Packet Pushers recently published an opinion titled “Pill-Chomping Hackers and Security Whack-a-Mole.” There are several very good points.
All information about a target is a potential vulnerability
Information is helplessly entangled and one piece of innocuous information can lead to other pieces of critical information
Information is only as secure as those protecting it
There is one point worth re-iterating: when you share your data (whether it is your social security number at a medical office or your credit card number at a restaurant) it is only as secure as the security of those holding it. In essence, both organizational and personal security must expand the boundaries to include anywhere their information is held.
However, there is one point I would like to argue, the implication that all data must be secured because it is a vulnerability. It is not possible to protect all data equally. A data owner must place different values on different datum and protected it appropriately.
Second, hiding all of your most critical data using in the most secure method still does guarantee security. Instead of attempting to build the best security controls and assume they work, it is better to protect your data as well as possible and then assume you will be exploited.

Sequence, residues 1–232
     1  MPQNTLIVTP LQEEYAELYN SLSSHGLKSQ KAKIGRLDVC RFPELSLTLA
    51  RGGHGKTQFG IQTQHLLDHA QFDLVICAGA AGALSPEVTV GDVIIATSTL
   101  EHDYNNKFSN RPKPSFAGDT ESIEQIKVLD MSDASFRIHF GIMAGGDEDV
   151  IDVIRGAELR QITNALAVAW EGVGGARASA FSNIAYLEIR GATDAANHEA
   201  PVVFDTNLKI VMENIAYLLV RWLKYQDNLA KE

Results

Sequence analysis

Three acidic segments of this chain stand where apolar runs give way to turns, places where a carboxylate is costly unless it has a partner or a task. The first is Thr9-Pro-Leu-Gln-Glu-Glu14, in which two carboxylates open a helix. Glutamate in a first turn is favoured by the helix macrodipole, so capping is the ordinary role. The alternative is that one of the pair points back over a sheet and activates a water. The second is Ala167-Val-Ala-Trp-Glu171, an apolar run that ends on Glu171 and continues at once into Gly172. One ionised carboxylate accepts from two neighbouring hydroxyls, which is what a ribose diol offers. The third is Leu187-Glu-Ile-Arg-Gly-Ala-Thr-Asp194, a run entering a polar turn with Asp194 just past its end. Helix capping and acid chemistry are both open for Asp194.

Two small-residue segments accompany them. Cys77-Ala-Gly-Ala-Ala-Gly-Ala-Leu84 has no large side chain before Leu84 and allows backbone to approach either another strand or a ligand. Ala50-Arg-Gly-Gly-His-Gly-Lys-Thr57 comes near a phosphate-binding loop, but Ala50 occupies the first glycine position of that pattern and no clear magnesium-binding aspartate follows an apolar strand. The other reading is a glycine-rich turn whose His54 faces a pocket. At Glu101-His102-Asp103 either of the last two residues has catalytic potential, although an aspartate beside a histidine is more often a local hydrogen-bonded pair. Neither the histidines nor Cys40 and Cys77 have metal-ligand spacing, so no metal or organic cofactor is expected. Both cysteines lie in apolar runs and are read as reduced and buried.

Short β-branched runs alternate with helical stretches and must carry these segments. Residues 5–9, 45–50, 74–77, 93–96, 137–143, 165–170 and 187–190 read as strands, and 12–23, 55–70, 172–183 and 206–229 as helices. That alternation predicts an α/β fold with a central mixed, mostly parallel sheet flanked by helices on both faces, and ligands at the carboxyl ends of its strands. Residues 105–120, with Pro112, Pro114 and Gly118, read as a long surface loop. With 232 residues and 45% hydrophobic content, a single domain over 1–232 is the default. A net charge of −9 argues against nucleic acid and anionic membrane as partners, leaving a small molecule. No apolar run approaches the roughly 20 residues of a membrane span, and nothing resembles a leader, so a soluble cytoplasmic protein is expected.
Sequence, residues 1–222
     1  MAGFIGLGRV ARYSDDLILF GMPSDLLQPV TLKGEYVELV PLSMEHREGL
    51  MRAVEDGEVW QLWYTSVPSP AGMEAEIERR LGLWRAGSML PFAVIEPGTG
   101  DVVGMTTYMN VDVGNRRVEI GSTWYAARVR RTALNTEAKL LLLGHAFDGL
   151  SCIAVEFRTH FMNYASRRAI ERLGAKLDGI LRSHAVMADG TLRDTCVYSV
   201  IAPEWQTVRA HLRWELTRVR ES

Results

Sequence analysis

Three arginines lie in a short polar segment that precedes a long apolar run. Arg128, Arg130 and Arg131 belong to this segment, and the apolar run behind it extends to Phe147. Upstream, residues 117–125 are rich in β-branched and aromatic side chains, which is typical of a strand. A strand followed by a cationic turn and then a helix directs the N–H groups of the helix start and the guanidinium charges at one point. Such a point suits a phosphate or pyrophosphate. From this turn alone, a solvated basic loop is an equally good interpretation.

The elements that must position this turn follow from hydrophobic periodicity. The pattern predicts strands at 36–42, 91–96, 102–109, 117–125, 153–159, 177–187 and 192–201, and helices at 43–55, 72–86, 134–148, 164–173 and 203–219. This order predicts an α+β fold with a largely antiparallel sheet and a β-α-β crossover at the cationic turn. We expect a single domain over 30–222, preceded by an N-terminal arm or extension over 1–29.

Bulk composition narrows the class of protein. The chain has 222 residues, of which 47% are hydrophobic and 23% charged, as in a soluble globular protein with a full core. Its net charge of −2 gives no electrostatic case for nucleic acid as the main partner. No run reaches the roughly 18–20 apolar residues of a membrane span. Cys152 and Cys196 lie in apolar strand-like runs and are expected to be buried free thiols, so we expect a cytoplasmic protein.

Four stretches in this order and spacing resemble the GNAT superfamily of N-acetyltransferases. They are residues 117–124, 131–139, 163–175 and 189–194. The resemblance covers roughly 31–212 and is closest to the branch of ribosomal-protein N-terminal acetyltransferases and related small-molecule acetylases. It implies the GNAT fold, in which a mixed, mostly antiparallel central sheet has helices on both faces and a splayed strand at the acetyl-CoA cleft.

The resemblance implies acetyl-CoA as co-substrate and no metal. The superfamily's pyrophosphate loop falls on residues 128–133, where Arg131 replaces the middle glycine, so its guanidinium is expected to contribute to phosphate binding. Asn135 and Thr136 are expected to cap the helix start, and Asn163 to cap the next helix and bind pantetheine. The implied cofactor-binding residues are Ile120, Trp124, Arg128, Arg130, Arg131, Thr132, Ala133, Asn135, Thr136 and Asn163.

Don’t just protect the data, one must watch for signs of exploitation and prevent further exploitation. In the case of a social security number in the real-world, if one assumes the theft and misuse of the number then it is best to watch for further misuse (e.g. unauthorized new lines of credit being opened, activity on credit cards, etc.).
Furthermore, reduce loss. If at all possible, make sure that any compromise is as insignificant as possible. In the real-world, it is best to reduce password re-use so that if a password to one application or website is compromised, not all of your passwords have been compromised.
Yes, protect your data as best as you can, but assume it adversaries are out to exploit you – and they will be successful.